W N Paul Lee

Los Angeles Biomedical Research Institute at Harbor-UCLA Medical Center, Torrance, California, United States

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Publications (18)75.03 Total impact

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    ABSTRACT: Enhanced de novo lipogenesis (DNL), an adult hepatic adaption, is seen with high carbohydrate or low-fat diets. We hypothesized that ad libitum intake after prenatal calorie restriction will result in adult-onset glucose intolerance and enhanced DNL with modified lipid metabolic gene expression profile. Stable isotopes were used in 15-month-old adult male rat offspring exposed to prenatal (IUGR), pre- and postnatal (IPGR), or postnatal (PNGR) caloric restriction vs. controls (CON). IUGR vs. CON were heavier with hepatomegaly but unchanged visceral white adipose tissue (WAT), glucose intolerant with reduced glucose-stimulated insulin secretion (GSIS), pancreatic β-cell mass, and total glucose clearance rate but unsuppressed hepatic glucose production. Liver glucose transporter (Glut) 1 and DNL increased with decreased hepatic acetyl-CoA carboxylase (ACC) and fatty acid synthase but increased WAT fatty acid transport protein-1 and peroxisomal proliferator-activated receptor-γ, resistin, and visfatin gene expression. In contrast, PNGR and IPGR were lighter, had reduced visceral WAT, and were glucose tolerant with unchanged hepatic glucose production but with increased GSIS, β-cell mass, glucose clearance rate, and WAT insulin receptor. Hepatic Glut1 and DNL were also increased in lean IPGR and PNGR with increased hepatic ACC, phosphorylated ACC, and pAMPK and reduced WAT fatty acid transport protein-1, peroxisomal proliferator-activated receptor-γ, and ACCα. We conclude the following: 1) the heavy, glucose-intolerant and insulin-resistant IUGR adult phenotype is ameliorated by postnatal caloric restriction; 2) increased DNL paralleling hepatic Glut1 is a biomarker of exposure to early caloric restriction rather than the adult metabolic status; 3) hepatic lipid enzyme expression reflects GSIS rather than DNL; and 4) WAT gene expression reflects an obesogenic vs. lean phenotype.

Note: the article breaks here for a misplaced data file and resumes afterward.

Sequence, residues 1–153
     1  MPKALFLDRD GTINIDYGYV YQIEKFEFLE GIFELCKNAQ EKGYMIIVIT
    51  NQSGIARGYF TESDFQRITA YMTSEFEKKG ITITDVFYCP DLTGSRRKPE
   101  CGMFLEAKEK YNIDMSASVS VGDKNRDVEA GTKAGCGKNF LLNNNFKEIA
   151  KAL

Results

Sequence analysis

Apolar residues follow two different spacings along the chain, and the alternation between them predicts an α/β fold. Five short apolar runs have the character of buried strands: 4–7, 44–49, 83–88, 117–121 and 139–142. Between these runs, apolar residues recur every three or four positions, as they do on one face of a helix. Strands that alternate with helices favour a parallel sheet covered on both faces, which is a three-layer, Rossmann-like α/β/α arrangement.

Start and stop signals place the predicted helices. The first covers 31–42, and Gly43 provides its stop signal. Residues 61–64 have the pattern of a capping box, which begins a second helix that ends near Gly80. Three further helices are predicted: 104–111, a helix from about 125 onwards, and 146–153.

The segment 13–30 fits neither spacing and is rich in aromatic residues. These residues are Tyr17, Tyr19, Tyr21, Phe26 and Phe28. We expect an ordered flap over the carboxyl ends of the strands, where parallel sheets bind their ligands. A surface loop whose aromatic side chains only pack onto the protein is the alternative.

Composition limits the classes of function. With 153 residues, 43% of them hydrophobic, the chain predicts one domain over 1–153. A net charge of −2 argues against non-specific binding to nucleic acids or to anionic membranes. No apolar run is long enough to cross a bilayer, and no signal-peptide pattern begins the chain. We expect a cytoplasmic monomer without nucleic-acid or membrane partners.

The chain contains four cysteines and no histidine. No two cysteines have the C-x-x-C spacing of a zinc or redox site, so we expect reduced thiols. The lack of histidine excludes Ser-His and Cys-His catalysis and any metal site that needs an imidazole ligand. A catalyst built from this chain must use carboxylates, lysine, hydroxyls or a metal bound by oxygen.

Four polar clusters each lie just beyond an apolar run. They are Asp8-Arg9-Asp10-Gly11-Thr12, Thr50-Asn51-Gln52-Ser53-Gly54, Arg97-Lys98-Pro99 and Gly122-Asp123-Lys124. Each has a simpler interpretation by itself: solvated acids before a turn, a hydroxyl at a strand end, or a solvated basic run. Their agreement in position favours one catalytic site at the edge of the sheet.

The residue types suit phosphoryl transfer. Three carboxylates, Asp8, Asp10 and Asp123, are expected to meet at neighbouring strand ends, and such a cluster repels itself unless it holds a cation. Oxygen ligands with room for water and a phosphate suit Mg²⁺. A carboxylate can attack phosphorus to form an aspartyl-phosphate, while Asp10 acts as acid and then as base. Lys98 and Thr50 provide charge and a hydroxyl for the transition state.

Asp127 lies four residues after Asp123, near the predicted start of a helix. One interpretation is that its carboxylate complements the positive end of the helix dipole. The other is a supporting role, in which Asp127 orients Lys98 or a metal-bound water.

Endocrinology 11/2012; · 4.72 Impact Factor